“These must cool first, so you do not burn your little tongue,” the father says and starts to blow on the nuggets and fan them with the mitt.

The mother fills the boy’s glass with white milk.

“I want chocolate,” the boy says.

The mother returns to the refrigerator for the syrup and then digs in the drawer for a spoon. She begins to prepare it.

“I want to do it!” the boy says.

The mother surrenders. He squeezes in the syrup until the milk displaces almost over the rim of the glass. The mother is horrified, but the boy stops before it spills. Then he takes up the spoon and carefully swirls it around in the milk. He stops before everything is mixed up and little black worms of syrup float around. The boy takes up the glass and drinks. When he finishes, he sets the glass down and with a moustache says, “My name is Norman Gregory and I will be five years old.” He holds up four fingers.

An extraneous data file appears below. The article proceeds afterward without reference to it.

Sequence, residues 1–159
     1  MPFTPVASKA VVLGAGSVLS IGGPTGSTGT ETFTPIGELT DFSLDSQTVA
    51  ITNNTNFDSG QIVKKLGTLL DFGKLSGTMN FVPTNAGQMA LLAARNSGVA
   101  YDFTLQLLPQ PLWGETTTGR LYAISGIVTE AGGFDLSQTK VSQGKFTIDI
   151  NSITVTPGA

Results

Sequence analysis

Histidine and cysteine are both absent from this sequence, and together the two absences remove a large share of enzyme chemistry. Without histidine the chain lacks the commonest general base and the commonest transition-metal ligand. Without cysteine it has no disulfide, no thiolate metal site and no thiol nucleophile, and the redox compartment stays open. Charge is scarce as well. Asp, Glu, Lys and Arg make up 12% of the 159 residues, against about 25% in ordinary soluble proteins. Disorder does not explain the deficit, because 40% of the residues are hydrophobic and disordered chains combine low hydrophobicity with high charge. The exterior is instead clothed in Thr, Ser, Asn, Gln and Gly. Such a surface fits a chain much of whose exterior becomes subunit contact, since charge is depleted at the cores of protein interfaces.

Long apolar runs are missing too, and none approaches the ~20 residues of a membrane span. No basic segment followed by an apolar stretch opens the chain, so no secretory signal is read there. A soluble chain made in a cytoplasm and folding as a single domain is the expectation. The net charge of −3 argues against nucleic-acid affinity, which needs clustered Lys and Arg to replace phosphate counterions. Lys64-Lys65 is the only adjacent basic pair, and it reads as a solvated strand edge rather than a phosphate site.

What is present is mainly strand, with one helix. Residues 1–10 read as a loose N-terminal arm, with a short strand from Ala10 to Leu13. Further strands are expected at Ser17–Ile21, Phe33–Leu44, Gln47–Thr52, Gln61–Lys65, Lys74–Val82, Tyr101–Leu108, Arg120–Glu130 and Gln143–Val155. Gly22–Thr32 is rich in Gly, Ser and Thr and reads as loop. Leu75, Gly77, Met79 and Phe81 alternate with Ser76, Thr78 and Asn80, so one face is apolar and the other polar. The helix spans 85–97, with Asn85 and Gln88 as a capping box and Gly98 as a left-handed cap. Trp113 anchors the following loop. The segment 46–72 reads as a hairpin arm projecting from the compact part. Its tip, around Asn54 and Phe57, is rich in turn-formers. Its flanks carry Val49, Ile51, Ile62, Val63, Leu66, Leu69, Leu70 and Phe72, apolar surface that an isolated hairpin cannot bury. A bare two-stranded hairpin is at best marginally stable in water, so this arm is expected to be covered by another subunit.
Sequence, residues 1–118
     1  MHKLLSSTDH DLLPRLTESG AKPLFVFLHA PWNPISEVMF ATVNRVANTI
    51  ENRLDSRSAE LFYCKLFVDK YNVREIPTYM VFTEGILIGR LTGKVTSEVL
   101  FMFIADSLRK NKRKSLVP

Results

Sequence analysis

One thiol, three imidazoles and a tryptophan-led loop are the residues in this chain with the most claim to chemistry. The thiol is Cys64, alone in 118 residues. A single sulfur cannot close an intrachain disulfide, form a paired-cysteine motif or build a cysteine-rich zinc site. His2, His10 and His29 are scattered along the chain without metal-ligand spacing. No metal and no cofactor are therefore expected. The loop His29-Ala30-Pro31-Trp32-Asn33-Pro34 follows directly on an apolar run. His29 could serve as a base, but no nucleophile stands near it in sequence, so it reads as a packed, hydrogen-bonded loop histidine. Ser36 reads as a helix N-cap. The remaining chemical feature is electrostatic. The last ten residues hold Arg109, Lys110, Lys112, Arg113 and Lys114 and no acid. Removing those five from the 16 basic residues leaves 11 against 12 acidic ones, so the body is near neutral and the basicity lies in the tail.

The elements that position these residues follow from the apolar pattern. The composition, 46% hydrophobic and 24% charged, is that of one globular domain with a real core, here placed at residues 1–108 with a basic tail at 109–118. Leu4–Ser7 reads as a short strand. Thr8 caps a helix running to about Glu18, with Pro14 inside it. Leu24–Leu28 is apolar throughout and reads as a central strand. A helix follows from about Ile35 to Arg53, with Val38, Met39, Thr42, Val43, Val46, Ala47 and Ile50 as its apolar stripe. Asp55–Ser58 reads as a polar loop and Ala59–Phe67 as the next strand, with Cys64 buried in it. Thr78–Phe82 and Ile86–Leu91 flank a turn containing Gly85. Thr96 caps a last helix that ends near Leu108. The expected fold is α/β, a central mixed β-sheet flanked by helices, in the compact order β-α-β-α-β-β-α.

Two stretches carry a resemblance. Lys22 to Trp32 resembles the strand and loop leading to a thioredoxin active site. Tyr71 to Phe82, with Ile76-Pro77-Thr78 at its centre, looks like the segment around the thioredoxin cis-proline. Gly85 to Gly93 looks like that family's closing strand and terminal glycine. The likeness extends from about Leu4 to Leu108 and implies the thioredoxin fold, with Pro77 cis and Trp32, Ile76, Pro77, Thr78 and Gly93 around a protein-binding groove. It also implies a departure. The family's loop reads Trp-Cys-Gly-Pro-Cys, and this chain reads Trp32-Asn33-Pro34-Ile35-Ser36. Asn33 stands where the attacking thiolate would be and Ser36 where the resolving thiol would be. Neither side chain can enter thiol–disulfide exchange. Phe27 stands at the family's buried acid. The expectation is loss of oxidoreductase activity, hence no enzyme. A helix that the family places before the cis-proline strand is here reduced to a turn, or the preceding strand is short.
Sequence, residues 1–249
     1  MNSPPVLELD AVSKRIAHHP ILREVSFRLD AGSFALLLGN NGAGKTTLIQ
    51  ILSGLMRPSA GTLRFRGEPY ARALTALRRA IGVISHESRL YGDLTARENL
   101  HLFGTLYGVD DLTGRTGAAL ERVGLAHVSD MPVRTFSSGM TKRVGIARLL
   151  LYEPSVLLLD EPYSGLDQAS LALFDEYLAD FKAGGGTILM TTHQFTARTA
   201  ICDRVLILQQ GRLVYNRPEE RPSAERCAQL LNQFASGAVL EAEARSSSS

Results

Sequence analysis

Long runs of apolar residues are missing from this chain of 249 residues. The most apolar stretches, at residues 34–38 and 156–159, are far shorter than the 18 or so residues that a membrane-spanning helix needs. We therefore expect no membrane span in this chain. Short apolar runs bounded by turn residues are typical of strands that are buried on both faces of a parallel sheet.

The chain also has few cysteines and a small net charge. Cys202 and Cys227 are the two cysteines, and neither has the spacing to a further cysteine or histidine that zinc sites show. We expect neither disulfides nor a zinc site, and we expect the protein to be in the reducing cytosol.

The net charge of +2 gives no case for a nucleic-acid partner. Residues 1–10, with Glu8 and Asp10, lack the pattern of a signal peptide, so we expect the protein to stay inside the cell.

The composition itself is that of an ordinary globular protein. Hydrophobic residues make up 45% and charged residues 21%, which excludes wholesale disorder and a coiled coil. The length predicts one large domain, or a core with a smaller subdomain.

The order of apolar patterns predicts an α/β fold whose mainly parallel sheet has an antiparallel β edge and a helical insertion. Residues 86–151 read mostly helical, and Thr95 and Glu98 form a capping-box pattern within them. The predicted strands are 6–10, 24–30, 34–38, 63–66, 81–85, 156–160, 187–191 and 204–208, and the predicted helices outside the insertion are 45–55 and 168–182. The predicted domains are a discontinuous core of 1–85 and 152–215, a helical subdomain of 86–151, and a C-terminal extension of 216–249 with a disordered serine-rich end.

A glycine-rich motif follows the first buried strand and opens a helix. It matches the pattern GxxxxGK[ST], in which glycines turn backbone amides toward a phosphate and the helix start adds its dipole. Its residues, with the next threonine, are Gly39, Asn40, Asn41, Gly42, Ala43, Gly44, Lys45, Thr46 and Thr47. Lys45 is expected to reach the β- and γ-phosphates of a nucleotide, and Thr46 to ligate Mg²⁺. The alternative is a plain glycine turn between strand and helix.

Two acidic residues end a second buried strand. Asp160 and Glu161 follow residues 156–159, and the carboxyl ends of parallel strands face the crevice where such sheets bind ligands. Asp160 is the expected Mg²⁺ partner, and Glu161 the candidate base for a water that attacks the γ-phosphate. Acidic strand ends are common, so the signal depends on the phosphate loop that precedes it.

The father looks up from blowing on the nuggets, “That’s true.”

The boy turns in his seat and asks his father, “What town is this?”

The mother says to the boy, “Why don’t you tell us?”

“No.” The boy points at his father. “I want him to tell me.”

The father walks toward the pot of macaroni and removes it from the stove. “The Town of Wallace,” he says.

“That’s not right,” the boy says and laughs. “This is Poopy Town.”

Then the boy belches loudly and the mother and father say nothing. The father dumps the pot of cooked macaroni into a strainer in the sink and the steam rises in his face.